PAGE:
THE REFILL: Latest Dosage of Rx Patent Abuse


  • BREAKING NEWS: CAPA releases guidance for next Administration and Congress encouraging Washington to address Big Pharma’s abuses of the patent system that keeps drug prices high for patients and the entire U.S. healthcare system.  Continued exploitations of the U.S. patent process results in deadweight losses that get saddled on the backs of patients and taxpayers.  As the nation works to combat the coronavirus pandemic, the need for reforms that lowers overall healthcare costs is imperative. 
    • CAPA Executive Director Matthew Lane stated, “Americans pay almost four times more for drugs than any other countries, creating one of the largest problems facing the U.S. healthcare system today… Policies that reduce anticompetitive gaming of the patent system and support the robust entry of generic medications would produce tremendous savings for Americans – and millions of voters are casting their ballot for a candidate who will do just that.” Read the full statement here
  • CAPA recommends the following four goals for the next Administration & Congress:
    • Work to remove incentives to create patent thickets while preserving innovation. Support Inter Partes Review as an efficient way to remove invalid patents. Strengthen drug policy to prevent regulatory gaming. Keep drug pricing in mind when setting any new policy.
  • Key Facts:
    • Americans individually pay 3.7 times more for drugs than other countries. In 2015, prescription drug spending in the U.S. totaled $1,000 per person.
    • In 2018, the U.S. saved $293 billion from generic competition. Brand-name drugs represent only 10 percent of prescriptions but 77 percent of drug spending.
    • Many expensive older drugs already have competition in other countries but not in the U.S. due to the lapse of exclusivities. These drugs would be 79% less expensive today if they followed the average savings from generic entry. As for biosimilars, an IQVIA report, using an estimated savings of about 30%, projects $100 billion in savings from biosimilar competition over the next five years, although the authors note that higher discounts have occurred and are possible in the future.


Law360: Humira Buyers Get Backing Against AbbVie’s ‘Patent Thicket’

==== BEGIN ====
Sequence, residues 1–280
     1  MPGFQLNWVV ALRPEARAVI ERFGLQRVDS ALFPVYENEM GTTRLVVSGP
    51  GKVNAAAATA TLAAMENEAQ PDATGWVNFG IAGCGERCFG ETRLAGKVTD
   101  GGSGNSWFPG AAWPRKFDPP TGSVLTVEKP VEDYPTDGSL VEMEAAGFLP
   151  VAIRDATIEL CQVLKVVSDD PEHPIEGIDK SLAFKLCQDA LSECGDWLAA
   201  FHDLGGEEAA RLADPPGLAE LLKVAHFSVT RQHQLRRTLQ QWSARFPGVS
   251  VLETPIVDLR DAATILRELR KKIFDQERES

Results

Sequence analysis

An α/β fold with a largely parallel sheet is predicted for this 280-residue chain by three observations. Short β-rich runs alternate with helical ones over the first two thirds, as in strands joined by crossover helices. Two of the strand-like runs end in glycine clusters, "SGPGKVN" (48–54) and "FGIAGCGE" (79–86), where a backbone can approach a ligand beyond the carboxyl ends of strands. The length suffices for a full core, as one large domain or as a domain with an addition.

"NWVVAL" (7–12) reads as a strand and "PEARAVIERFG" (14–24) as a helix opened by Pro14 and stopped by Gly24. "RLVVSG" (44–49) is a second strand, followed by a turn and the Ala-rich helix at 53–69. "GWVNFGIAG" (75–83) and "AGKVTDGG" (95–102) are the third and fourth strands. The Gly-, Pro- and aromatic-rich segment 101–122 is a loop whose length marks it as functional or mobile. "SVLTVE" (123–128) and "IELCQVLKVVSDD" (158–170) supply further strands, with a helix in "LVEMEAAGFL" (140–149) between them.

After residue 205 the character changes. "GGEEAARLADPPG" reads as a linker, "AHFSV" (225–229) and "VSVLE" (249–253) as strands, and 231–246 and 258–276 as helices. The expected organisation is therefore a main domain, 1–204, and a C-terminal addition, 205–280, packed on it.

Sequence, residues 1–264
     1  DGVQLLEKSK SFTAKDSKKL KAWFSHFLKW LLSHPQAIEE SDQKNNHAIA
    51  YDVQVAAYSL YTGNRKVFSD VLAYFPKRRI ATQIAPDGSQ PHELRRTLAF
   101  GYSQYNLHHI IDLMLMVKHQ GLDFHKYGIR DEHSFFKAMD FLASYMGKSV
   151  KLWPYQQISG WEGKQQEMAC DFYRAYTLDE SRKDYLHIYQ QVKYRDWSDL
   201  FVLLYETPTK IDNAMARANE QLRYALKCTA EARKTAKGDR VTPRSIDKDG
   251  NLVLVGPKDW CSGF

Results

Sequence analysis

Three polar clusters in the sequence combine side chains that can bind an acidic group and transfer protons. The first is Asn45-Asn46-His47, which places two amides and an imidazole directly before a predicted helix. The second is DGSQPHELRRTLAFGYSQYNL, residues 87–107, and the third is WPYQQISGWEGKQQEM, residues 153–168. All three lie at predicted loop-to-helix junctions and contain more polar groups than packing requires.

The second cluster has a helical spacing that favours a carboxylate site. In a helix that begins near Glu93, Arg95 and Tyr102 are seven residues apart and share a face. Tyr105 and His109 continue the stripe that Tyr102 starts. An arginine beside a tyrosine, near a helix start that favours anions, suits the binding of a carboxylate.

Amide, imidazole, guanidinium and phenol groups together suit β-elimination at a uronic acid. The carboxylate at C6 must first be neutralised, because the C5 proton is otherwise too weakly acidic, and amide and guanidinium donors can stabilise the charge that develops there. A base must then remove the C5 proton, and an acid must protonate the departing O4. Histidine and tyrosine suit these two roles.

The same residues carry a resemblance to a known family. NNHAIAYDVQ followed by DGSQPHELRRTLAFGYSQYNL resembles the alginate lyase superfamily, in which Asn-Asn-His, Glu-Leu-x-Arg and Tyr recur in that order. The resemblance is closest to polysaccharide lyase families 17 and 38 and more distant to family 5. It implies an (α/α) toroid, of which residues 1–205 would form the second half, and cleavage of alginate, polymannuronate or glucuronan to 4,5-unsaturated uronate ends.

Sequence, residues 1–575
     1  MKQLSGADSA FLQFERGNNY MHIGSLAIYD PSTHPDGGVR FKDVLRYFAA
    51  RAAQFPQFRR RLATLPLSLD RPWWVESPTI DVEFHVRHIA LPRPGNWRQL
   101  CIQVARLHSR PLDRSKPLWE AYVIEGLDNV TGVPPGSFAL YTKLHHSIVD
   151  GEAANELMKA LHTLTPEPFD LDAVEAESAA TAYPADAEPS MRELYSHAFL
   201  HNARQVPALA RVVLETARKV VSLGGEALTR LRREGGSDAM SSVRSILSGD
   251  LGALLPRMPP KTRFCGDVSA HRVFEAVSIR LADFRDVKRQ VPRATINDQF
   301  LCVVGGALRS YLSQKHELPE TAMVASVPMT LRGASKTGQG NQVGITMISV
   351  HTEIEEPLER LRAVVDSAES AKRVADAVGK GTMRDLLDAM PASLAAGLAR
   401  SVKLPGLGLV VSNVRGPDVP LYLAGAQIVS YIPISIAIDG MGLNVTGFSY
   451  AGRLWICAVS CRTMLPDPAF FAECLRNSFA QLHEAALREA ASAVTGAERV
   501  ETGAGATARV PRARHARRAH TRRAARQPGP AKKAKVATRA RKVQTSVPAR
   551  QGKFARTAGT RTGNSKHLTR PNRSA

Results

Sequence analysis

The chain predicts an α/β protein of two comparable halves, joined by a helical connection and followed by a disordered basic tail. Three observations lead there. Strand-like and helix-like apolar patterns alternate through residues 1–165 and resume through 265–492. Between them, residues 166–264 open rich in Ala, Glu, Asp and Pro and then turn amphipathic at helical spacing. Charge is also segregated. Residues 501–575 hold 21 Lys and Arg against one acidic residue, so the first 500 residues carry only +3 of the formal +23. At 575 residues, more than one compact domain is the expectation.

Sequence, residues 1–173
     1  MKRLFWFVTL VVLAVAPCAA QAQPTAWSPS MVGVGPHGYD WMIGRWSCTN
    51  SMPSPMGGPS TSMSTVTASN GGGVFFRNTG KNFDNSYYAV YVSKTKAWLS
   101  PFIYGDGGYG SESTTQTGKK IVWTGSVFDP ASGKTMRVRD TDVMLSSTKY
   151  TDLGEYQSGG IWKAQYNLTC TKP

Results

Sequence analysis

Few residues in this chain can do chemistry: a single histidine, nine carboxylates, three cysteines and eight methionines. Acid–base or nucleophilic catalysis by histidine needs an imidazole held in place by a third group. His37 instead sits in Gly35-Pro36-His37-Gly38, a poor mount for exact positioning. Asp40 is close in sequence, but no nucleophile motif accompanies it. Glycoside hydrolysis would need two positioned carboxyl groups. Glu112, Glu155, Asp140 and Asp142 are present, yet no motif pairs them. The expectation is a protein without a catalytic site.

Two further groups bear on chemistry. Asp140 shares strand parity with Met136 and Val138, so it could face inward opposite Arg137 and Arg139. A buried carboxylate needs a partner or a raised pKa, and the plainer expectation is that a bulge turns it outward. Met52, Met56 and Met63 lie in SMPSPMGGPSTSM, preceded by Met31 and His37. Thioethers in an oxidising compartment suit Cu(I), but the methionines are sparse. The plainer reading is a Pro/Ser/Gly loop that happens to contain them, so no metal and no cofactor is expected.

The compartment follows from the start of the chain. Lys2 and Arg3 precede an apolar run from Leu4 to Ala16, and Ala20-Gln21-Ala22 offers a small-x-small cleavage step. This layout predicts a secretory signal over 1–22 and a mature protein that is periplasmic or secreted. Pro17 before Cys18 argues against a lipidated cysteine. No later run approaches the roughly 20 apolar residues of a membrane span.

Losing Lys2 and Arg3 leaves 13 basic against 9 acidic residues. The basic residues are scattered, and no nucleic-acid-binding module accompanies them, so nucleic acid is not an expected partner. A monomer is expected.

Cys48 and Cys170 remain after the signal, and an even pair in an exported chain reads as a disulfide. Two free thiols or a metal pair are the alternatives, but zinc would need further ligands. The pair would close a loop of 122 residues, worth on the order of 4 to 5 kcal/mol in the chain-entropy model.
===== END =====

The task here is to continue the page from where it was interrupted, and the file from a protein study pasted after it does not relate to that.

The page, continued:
Matthew Perlman, Lauraann Wood and Jeff Overley

  • An Illinois federal judge failed to consider the cumulative impacts of AbbVie’s bid for more patent protection and the settlements it cut with rival companies who were seeking to market their own versions of the treatment, according to amicus briefs filed Friday from the National Association of Chain Drug Stores Inc., Consumer Action and U.S. Public Interest Research Group, Open Markets Institute, and 66 economics, law, business and medical professors.

Patent Progress: Cert Granted In Arthrex Case On PTAB Appointments
Josh Landau

  • … the Supreme Court granted certiorari in a set of related cases between Arthrex and Smith & Nephew, as well as the federal government.  The cases revolve around one fundamental question: are judges of the Patent Trial and Appeal Board (PTAB) principal officers of the United States?  That question controls the constitutionality of their appointment… While this case focuses on PTAB judges, it seems likely that the Court took it to more broadly explain the distinction between inferior and principal officers, a distinction likely to have impacts throughout the federal government.

The Wall Street Journal: As Supreme Court Case On Affordable Care Act Looms, GOP Divided On How—And Whether—To Replace It
Stephanie Armour

  • A looming Supreme Court decision on the Affordable Care Act is pitting Republicans who believe the party should release a replacement proposal against other GOP lawmakers and health policy experts who have played down the need for a plan because they say the court is unlikely to strike down the law.

STAT News: Hundreds Of Advocacy Groups Urge WTO To Waive IP Rights To Covid-19 Drugs And Vaccines
Ed Silverman

  • Amid growing concern over access to Covid-19 medical products, hundreds of advocacy groups are urging the World Trade Organization to waive some provisions in a trade deal governing intellectual property rights so drugs and vaccines can be more easily obtained, especially by low-income countries.


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